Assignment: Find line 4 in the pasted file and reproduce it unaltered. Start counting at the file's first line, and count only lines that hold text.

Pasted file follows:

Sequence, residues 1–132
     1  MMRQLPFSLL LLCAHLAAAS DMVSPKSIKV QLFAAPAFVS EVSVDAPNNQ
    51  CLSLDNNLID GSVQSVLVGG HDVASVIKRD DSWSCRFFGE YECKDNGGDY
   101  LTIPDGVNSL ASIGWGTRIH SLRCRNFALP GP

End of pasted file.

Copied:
   101  LTIPDGVNSL ASIGWGTRIH SLRCRNFALP GP